Call#: Van Pelt Library--4 East--Temporary Location Annenberg PN1998.3.K87 G66 1994
In his book, Goodwin carefully examines each of the five points-of-view presented in Rashomon. He suggests that the overarching motivation of the conflicting accounts reflects each character's "egoism," each tells their story in a manner that is most favorable to themselves. In particular, the woodcutter emphasizes his non-involvement in the crime, even though it is later implied that he is guilty of stealing the woman's dagger. The bandit projects an image of heroism and romanticism, and that "grand passion" was the motive for his actions. The wife's story emphasizes herself as the victim in the situation, with the bandit taking advantage of her and her samurai husband ultimately betraying her. Similar to the wife, the samurai perceives himself as the victim in the situation, reflected in his suicide as a desperate act of passion. Finally, the story goes back to the woodcutter who is led to re-tell his version of the events. This time, he discredits the other characters to maintain his own innocence and credibility.
Through Goodwin's picking through the details of Rashomon, the truth in the first-person narrative is examined. One could deduce that all of the characters in the film are lying. But, it is also reasonable to hypothesize that the intensity of the situation the characters were in could have forced a change in their perception of the situation. From the way the Kurosawa directs the film, each account is made ambiguous because each character is trying to project a positive image for his/herself, either deliberately or accidentally. The film, as a whole, then brings to mind questions beyond finding the crime's solution and the explicit credibility of the characters. The film instead raises higher-order questions examining the motives in which the events are told. Thus, Rashomon is not only to be looked at for the veracity in first-person narratives, but also for the driving forces influencing the characters behind those narratives.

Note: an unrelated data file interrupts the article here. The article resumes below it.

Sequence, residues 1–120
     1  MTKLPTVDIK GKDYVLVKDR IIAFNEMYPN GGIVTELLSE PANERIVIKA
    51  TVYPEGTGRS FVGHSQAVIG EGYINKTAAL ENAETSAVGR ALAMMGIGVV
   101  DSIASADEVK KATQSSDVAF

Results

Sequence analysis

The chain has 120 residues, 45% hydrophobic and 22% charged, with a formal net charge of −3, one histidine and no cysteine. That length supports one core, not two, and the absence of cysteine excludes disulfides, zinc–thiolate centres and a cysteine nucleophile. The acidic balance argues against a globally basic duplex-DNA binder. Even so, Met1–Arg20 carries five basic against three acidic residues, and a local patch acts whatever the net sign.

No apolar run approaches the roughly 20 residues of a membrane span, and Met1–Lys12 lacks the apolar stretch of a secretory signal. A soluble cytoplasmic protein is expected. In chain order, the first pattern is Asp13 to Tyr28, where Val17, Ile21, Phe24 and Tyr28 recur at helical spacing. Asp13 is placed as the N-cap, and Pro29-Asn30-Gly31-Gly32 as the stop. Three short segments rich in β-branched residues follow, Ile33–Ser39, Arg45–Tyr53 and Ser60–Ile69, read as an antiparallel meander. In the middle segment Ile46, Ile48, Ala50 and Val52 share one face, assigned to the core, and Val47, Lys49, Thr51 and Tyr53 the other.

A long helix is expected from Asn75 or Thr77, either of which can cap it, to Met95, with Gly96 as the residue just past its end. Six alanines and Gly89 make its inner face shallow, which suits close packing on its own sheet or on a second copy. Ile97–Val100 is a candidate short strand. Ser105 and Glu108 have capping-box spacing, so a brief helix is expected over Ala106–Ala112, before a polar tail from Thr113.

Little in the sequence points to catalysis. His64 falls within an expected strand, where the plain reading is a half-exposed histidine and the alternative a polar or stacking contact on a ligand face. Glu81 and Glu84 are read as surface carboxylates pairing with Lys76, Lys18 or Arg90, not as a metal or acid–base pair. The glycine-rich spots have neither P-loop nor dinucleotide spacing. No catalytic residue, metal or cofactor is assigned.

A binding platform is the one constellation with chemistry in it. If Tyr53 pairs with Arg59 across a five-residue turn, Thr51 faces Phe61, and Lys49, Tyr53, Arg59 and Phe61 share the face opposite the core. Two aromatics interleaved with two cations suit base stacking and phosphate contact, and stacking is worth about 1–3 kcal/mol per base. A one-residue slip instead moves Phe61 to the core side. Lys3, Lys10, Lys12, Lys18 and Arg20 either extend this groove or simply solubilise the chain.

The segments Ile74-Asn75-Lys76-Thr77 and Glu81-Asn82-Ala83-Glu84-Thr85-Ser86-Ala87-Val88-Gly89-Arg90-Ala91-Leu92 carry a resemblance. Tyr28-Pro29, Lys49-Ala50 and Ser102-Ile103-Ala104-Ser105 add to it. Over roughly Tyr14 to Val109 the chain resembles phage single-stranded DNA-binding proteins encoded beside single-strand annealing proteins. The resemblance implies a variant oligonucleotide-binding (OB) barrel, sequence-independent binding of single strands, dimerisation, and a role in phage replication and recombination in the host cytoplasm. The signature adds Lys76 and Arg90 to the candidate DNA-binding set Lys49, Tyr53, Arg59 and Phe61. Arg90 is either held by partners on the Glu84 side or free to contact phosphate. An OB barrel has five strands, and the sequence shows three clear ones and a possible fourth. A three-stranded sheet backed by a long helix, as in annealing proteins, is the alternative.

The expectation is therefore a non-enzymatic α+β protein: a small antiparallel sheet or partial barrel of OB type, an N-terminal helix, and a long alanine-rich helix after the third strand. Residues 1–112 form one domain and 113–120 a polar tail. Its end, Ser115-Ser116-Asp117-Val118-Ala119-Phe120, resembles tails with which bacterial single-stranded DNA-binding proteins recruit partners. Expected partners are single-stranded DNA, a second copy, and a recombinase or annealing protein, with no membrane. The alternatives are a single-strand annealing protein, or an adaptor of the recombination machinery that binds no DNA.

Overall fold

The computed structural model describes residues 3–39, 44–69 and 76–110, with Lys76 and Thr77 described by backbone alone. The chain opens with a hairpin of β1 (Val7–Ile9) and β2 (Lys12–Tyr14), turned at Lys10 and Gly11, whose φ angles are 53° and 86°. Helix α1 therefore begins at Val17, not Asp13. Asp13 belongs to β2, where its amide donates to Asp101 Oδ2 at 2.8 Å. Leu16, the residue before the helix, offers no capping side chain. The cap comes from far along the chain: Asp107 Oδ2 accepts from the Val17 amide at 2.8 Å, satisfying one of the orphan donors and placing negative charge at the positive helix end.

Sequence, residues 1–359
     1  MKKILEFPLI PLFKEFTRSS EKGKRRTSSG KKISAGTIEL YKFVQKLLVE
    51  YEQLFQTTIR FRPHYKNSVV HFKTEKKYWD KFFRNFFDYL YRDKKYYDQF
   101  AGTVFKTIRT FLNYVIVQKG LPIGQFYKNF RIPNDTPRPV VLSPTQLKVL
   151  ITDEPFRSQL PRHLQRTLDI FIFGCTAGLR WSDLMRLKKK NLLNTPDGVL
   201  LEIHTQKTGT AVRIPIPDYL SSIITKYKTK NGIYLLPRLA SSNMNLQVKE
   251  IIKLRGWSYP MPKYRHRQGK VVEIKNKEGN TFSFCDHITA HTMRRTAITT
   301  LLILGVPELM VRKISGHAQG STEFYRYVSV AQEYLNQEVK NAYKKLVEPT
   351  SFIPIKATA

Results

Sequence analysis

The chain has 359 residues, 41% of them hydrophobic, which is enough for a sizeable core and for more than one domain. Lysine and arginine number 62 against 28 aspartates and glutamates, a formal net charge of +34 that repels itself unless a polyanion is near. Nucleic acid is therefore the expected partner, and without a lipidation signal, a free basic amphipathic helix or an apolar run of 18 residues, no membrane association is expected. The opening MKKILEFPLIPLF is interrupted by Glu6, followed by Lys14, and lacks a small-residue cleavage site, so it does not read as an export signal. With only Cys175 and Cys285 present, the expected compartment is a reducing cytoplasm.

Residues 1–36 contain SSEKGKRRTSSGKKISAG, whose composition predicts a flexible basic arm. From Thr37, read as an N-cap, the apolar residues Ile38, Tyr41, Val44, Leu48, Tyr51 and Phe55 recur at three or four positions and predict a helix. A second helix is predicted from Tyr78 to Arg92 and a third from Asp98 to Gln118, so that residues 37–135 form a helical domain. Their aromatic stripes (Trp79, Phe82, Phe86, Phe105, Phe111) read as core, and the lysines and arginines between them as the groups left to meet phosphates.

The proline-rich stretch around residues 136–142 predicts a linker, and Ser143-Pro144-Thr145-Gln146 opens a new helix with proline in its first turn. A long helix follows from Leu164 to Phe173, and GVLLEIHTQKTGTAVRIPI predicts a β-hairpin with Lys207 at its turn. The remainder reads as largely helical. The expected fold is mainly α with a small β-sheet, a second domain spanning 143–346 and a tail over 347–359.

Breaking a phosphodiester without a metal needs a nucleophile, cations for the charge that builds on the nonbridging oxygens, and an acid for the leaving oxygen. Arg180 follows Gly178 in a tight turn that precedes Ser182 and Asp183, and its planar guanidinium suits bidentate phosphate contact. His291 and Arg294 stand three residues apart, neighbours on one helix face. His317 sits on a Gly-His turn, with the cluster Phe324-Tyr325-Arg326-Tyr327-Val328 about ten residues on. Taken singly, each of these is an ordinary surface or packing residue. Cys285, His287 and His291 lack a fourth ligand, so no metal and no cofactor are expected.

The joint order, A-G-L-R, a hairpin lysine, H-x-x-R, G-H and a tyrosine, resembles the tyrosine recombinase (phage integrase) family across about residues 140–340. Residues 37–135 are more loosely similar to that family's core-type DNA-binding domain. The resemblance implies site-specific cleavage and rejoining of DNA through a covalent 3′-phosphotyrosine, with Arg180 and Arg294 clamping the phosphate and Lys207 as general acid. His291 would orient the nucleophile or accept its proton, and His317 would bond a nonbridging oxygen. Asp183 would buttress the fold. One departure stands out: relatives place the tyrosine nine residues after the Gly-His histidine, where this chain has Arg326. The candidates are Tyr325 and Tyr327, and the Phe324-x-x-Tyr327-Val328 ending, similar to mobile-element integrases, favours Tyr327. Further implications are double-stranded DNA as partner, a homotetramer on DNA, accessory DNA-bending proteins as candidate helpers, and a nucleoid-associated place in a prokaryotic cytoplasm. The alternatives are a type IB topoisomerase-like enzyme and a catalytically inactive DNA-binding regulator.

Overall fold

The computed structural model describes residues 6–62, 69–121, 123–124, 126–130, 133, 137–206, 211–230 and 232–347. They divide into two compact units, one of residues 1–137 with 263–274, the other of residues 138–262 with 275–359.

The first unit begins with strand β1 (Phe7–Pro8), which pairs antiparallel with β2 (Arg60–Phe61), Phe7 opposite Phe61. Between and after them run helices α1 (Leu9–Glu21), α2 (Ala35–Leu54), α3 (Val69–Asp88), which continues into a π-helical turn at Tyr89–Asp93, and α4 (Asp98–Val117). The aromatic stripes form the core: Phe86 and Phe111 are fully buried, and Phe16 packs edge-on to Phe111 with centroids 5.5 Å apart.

Goodwin also shows how Kurosawa uses editing techniques and objects as narrative devices: “the photograph of [Watanabe’s] wife at the center of the altar is the psychological frame through which Watanabe begins to look into his past in narrative flashback.” In the flashback in which Watanabe and his son are follow his dead wife’s hearse, Goodwin states that, “Metaphorically, the sequence places death as an immediate prospect within life and it suggests the narrative’s own patterns of approach and withdrawal from its protagonist’s death.” Both of these are examples of scenes and objects that offer a self-reflexive view of the film that acknowledges the techniques of filmmaking.
Goodwin’s book is different from the other works in the Bibliography, because it analyzes specific images and scenes in Ikiru, searching for allegorical meaning and self-reflexive commentary. The book definitely takes the position of Kurosawa as an auteur, suggesting that Kurosawa purposefully creates a continuity among the symbols and images in the film, in order give a deeper meaning to the film.